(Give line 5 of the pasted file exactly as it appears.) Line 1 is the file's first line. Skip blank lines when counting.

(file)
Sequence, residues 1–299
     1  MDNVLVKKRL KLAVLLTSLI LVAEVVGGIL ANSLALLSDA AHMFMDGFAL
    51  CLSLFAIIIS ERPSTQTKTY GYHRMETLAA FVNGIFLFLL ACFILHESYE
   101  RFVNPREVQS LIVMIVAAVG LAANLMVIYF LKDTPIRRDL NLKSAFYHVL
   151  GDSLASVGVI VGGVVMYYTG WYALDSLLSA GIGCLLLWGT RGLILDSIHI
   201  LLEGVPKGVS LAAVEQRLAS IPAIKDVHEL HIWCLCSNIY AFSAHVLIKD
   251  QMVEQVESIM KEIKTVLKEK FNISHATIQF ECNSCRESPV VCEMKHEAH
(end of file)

   151  GDSLASVGVI VGGVVMYYTG WYALDSLLSA GIGCLLLWGT RGLILDSIHI